Will Home Depot Continue Rising?
Lior is a member of The Motley Fool Blog Network -- entries represent the personal opinion of the blogger and are not formally edited.
The meteoric like rise of shares of Home Depot (NYSE: HD) during 2012 was very impressive: shares of the company spiked by nearly 47%. What could have driven such a sharp rise in the company's stock during the year? Moreover, will this rally continue in 2013? Let's examine these issues.
According to the latest retail sales report, the total U.S retail sales (in pdf formant) rose by 5.5% during the first eleven months of 2012. A close examination of the particular sector related to Home Depot - Building material – reveals this sector grew by nearly 6% during the past eleven months. The growth in sales of HD and rival Lowe's Companies wasn’t much different from the general market: as of the third quarter HD’s sales grew by 4.6% compared to the same quarter in 2011 and Lowe’s by nearly 2%.
So if sales have increased during the year but not by such a large margin, what could account for the rise in HD’s stock? At least four factors come to mind:
- The housing market has shown signs of recovery during recent years: the number of new homes sold (as an indicator to the progress of the housing market) as of November was nearly 15% higher than the same time in 2011. The chart below shows the growth in sales in the past year and a half. The rise in the housing market was also reflected in the rise in stocks of big building companies such as D.R. Horton (NYSE: DHI) or Lennar Corporation (NYSE: LEN). During the year Horton’s stock increased by nearly 57% and Lennar by almost 97%. But unlike the modest growth in sales of Home Depot or Lowe's in the recent quarter, the home builders revenues rose by a much higher rate: as of the third quarter Horton's sales rose by 21.6% and Lennar's revenuers by 34%. The recent rally, however, in the housing market seems to have slowed down as indicated in the chart above. The efforts of the Federal Reserve to heat up the housing market with its recent quantitative easing program might be have diminishing return compared to previous QE programs. This could suggest the housing market might continue to slowdown. If the housing market will cool down, it will reflect in a slowdown in not only housing builders’ stocks such as Lennar and Horton but also other related industries’ stocks such as Home Depot.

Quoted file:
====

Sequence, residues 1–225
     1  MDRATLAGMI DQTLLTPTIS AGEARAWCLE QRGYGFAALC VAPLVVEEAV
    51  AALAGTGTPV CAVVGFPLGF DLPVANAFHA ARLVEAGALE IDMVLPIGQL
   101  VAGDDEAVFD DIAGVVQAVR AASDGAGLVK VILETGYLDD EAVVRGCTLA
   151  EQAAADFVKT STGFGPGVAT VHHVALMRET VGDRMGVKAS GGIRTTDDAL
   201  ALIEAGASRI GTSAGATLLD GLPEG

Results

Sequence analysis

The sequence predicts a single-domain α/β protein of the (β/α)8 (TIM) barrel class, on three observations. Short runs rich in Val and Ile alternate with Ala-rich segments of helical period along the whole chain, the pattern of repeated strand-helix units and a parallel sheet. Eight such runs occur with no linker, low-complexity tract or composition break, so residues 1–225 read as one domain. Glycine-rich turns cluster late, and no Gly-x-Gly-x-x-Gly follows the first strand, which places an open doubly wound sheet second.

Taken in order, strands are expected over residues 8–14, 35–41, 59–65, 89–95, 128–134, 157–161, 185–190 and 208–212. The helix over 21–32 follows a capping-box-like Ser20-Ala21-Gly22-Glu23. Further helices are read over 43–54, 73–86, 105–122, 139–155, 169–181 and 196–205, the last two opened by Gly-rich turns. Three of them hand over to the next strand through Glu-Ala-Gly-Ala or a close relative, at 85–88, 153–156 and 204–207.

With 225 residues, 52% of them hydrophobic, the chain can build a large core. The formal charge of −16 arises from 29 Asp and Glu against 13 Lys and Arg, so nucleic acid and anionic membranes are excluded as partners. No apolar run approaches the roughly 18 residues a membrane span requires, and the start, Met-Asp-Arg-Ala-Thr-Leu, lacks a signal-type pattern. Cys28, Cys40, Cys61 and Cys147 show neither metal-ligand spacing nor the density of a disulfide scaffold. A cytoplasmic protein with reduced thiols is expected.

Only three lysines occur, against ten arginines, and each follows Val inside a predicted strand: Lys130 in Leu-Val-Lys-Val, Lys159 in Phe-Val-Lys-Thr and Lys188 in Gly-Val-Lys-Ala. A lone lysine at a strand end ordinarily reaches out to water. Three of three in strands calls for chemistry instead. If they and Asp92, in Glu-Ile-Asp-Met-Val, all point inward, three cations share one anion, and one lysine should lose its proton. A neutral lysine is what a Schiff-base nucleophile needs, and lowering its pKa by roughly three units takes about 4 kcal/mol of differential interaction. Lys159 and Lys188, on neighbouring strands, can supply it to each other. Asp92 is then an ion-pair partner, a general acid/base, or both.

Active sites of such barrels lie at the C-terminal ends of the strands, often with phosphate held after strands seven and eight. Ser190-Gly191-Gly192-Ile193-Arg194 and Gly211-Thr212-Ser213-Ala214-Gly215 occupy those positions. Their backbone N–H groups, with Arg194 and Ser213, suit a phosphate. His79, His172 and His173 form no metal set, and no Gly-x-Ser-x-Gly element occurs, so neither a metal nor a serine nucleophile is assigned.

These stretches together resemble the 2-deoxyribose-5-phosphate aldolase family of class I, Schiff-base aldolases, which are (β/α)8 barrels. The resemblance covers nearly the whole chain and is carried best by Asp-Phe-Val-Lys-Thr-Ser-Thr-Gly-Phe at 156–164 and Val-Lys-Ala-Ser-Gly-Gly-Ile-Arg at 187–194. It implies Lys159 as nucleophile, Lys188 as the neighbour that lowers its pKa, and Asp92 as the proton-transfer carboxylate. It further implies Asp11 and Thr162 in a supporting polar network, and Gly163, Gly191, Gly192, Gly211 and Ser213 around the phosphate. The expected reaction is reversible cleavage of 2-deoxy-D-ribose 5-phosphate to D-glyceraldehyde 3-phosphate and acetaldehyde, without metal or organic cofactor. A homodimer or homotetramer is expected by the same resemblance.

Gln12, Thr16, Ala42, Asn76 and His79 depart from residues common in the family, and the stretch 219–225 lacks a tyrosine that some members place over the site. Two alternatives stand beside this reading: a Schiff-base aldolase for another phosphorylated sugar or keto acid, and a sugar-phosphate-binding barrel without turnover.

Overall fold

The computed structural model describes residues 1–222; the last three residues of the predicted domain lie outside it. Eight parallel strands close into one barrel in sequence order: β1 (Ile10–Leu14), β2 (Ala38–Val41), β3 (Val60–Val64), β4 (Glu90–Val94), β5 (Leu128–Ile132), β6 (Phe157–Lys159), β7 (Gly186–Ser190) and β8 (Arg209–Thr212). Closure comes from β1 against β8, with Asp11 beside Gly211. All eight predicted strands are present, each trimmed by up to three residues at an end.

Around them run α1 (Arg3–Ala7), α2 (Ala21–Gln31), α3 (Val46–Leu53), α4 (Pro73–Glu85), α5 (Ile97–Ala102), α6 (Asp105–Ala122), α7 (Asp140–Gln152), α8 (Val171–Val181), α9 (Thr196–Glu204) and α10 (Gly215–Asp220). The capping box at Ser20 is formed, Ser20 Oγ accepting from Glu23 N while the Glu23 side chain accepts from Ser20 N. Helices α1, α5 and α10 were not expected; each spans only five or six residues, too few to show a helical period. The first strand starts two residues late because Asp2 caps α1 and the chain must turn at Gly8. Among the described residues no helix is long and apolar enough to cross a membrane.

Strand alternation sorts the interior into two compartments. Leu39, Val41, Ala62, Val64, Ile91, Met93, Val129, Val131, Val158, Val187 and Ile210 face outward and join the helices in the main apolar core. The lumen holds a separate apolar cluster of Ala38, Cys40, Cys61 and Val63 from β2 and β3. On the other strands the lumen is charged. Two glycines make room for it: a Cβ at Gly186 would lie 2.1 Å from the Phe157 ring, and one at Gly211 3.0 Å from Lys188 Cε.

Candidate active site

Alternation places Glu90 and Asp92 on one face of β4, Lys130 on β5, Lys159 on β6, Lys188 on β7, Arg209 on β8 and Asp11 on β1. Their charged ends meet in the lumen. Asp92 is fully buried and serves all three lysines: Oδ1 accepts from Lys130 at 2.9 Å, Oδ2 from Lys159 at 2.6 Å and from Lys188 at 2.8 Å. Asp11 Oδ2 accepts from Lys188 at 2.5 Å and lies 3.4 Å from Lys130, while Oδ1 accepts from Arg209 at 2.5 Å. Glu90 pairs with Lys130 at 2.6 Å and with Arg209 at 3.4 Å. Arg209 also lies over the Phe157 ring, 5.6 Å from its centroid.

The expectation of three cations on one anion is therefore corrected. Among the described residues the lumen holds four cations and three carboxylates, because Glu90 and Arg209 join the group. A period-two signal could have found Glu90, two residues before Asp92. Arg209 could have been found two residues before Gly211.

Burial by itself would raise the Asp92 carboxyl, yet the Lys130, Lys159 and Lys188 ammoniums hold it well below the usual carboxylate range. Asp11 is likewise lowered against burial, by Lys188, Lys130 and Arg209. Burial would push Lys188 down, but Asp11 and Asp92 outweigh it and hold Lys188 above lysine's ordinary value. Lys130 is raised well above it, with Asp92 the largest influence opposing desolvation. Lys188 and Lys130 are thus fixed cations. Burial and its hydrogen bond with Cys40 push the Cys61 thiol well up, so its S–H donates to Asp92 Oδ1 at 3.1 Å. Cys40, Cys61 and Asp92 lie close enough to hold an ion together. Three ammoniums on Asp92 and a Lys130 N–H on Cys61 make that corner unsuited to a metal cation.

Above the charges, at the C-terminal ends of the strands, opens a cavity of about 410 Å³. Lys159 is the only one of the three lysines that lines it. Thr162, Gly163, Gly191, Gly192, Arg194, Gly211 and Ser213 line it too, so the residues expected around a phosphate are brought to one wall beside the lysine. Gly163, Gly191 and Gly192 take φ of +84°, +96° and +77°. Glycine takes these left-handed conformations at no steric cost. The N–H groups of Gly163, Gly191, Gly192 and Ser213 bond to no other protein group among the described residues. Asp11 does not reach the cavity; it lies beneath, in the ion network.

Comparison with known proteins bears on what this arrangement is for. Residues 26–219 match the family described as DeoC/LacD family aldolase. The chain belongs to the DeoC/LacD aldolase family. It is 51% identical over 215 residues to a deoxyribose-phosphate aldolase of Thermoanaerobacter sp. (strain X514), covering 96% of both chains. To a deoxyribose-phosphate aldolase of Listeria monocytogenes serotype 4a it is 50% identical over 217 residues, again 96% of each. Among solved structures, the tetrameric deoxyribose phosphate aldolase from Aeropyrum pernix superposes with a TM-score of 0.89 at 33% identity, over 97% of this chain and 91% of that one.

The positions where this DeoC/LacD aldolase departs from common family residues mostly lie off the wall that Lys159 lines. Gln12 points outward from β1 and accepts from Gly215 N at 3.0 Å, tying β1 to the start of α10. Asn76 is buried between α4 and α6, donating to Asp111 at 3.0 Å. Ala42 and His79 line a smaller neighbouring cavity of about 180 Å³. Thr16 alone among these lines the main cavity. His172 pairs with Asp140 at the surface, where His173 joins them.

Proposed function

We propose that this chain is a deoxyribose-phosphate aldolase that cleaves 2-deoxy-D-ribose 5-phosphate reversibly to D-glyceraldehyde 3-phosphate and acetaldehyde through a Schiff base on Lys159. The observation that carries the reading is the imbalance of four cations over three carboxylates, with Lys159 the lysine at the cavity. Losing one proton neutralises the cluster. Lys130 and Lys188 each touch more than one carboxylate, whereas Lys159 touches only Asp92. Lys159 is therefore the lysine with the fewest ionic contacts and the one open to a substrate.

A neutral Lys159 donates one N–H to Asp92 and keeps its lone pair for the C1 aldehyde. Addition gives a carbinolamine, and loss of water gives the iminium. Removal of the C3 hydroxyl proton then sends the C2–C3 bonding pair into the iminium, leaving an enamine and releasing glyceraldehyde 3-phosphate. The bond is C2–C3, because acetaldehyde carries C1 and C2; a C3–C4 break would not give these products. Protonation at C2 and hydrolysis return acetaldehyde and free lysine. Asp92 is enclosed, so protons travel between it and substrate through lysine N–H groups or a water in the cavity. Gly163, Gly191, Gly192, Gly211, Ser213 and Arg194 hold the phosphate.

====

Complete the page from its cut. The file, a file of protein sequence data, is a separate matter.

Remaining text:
- The company’s profitability is rising: During recent quarters the company’s operating profitability has increased from nearly 9% as of the last quarter of 2011 (fiscal year) to 10% as of the final quarter of 2012. This might not seem such a sharp gain, but on a yearly basis for every 1% rise in profitability, the company's profits rise by $700 million. Let's make a very crude calculation for the effect of a 1% rise in profitability of the company's stock, assuming this gain will be constant and reflect in HD's cash flow. Under an assumption of a 10X multiplier, then this will lead to a $4.8 bump in the stock price.
- The company’s stock buyback program: during the first ten months of 2012 the company purchased nearly $2.6 billion worth of shares. In 2011, the company purchased nearly $3.2 billion worth. This program is more than covered by the company's free cash flow. As long as the company keeps its stock purchase program, this will reduce the number of stocks, show the company’s management believes in the company, and keep the demand for the stock strong.
- Low Risk: Home Depot isn't showing signs of financial risk: HD's debt to equity is stable at 0.61 (as of the recent quarter), which is very close to the ratio of Lowe's at 0.64. Moreover, the company’s dividends payments are more than covered by its free cash flow (the total cash from operating activities and investment activities): as of the first ten months of 2012 HD’s free cash flow reached $4.4 billion. The dividends payments were $1.3 billion. Thus, the high cash flow puts HD at a low liquidity or financial risk.
Home Depot is a very stable company, with strong fundamentals, growth in revenues and relatively low cash or financial risk. The sharp growth in the company's stock was plausibly driven by hype over the housing market, the stock buyback program of the company and perhaps the rise in demand for low risk companies in times of uncertainty. The company's stock appreciation along with its dividend payment (1.83% annual yields) puts HD as a very reasonable investment. But if the housing market will start to slowdown, the strong rise in the company's stock might shift gear and also cool down in 2013.
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